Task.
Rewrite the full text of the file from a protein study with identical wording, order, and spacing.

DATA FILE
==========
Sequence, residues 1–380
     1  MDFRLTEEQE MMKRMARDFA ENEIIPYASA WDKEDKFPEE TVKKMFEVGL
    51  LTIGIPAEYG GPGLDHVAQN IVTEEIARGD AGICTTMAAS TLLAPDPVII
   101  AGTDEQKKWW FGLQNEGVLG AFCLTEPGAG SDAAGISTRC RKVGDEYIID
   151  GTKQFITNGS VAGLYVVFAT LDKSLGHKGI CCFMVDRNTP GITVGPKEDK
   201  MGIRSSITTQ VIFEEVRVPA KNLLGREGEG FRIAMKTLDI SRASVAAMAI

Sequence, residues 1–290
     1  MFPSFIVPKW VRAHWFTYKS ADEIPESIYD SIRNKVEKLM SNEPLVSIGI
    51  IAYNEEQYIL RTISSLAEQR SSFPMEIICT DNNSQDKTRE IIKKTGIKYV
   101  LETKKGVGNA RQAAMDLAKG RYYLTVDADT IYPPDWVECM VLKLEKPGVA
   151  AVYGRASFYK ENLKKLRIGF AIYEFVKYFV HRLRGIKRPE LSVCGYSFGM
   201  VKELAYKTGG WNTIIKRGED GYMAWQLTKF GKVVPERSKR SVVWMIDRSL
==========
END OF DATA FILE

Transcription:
Sequence, residues 1–380
     1  MDFRLTEEQE MMKRMARDFA ENEIIPYASA WDKEDKFPEE TVKKMFEVGL
    51  LTIGIPAEYG GPGLDHVAQN IVTEEIARGD AGICTTMAAS TLLAPDPVII
   101  AGTDEQKKWW FGLQNEGVLG AFCLTEPGAG SDAAGISTRC RKVGDEYIID
   151  GTKQFITNGS VAGLYVVFAT LDKSLGHKGI CCFMVDRNTP GITVGPKEDK
   201  MGIRSSITTQ VIFEEVRVPA KNLLGREGEG FRIAMKTLDI SRASVAAMAI

Sequence, residues 1–290
     1  MFPSFIVPKW VRAHWFTYKS ADEIPESIYD SIRNKVEKLM SNEPLVSIGI
    51  IAYNEEQYIL RTISSLAEQR SSFPMEIICT DNNSQDKTRE IIKKTGIKYV
   101  LETKKGVGNA RQAAMDLAKG RYYLTVDADT IYPPDWVECM VLKLEKPGVA
   151  AVYGRASFYK ENLKKLRIGF AIYEFVKYFV HRLRGIKRPE LSVCGYSFGM
   201  VKELAYKTGG WNTIIKRGED GYMAWQLTKF GKVVPERSKR SVVWMIDRSL